Travelogues: President Daly and the Asia Program Team Cross Bridges to Singapore (June 2019)
“Sitting an ocean away, the San Francisco Fed is the closest Reserve Bank to Asia — a significant region in an interconnected global economy and financial system.”
The Bank’s Asia Program “allows us to not only facilitate the exchange of information on issues and developments in Asian financial sectors, but also brings together a global community of people involved in the Asian financial system.”
Or as our colleagues so eloquently put it:
“You can’t just build the bridge, you have to cross it. And so do your counterparts.”
So, this summer, President Daly and our colleagues, crossed the Pacific Ocean to meet with community members, experience a different culture, and work with our counterparts in central banking and financial regulation.
Banking for the Common Good
What impact does banking have on the function and well-being of society? What role can trust play in finance? How can culture change help steer us toward a safe and stable financial system?
These are some of the topics the Bank’s Asia Program and the Monetary Authority of Singapore wanted to explore in their 2019 Symposium on Asian Banking and Finance.
President Daly delivered a keynote on “Becoming Owners: The Business Case for Customer-Centered Banking”:
Banking for the common good. It’s a natural evolution of the conversations we’ve been having at this event, and many like it, for the past several years.
Being more customer-focused … using finance to create inclusive growth … understanding the role that organizational culture plays in all of it … these are hot topics for both the financial services industry and regulatory institutions. And progress has been made.
Yet consumers remain wary — even a little skeptical — of financial firms.
Banks — large and small — need to become owners. Owners who are committed to — and accountable for — doing right by their customers and their communities.
You might be thinking that sounds like a lot. Or maybe that it’s even too high of a standard. But speaking from experience, I can tell you: it is possible.
About four years ago, the San Francisco Fed decided to take a hard look at our own organization. What was working? What wasn’t? Our culture soon emerged as one of the biggest areas in need of improvement. So we decided to change it.
We started with the basics. We focused not only on what employees do, but also how they do it. And we emphasized skills and behaviors that would enable our best work … things like collaboration, emotional intelligence, influence, and critical thinking.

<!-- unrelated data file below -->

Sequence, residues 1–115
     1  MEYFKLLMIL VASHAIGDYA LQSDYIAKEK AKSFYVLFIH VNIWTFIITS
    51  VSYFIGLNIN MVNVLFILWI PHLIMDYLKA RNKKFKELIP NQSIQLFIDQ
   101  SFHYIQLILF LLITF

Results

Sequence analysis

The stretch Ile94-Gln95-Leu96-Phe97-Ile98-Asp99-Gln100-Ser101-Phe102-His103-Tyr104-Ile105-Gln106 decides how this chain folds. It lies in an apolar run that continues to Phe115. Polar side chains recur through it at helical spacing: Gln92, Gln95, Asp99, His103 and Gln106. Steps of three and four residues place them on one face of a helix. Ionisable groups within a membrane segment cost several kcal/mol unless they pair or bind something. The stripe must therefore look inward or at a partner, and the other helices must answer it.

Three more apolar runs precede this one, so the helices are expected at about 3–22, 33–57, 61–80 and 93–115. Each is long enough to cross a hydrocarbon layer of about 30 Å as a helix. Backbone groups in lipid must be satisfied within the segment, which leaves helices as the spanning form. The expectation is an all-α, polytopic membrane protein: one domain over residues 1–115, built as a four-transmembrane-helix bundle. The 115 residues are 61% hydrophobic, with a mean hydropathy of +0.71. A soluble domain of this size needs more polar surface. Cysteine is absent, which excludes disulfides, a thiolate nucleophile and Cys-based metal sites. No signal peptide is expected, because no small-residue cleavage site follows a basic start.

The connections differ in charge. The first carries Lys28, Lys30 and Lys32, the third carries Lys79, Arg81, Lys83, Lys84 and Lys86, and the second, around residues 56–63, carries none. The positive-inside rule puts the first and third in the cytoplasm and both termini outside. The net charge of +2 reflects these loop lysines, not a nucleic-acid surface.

This was our starting point — our foundation. But something was still missing.
To really get to the next level, it became clear we needed to do more. We needed to become owners. Ready to hold ourselves accountable to our mission, vision, and values — no excuses. Prepared to trust our employees to do the right thing — even when no one is watching, and even when there isn’t a detailed rule book to follow.
This transition to a culture of owners hasn’t been easy. And we’re far from done. But embracing this mindset has changed us — and for the better.
We have a phrase in economics — incentive compatibility — that describes … the moment when the planets align, and what’s good for me, is good for you, is good for society.
We’re at that moment now for the financial services industry.
If you’re willing to become an owner … if you’re willing to put your customers and communities at the center of your business … banking for the common good will move beyond the title of this conference, and become the new industry norm.
Watch the video of President Daly’s speech below or read the text here.
Talking “Street Signs” in Singapore
President Daly also stopped by CNBC Asia’s Street Signs, where she discussed the inversion of the yield curve, the U.S.-China trade war, and uncertainties facing the global economy.
“What really keeps me up at night is the data and the mood getting out of sync and, eventually, the possibility that the mood becomes the self-fulfilling prophecy of the data.”
— President Daly
Singapore Management University
On her final day in Singapore, President Daly stopped by Singapore Management University’s Sim Kee Boon Institute for Financial Economics where she did a fireside chat with Vice Provost Phang, and SMU students. (Such insightful questions from Sim Kee Boon students!)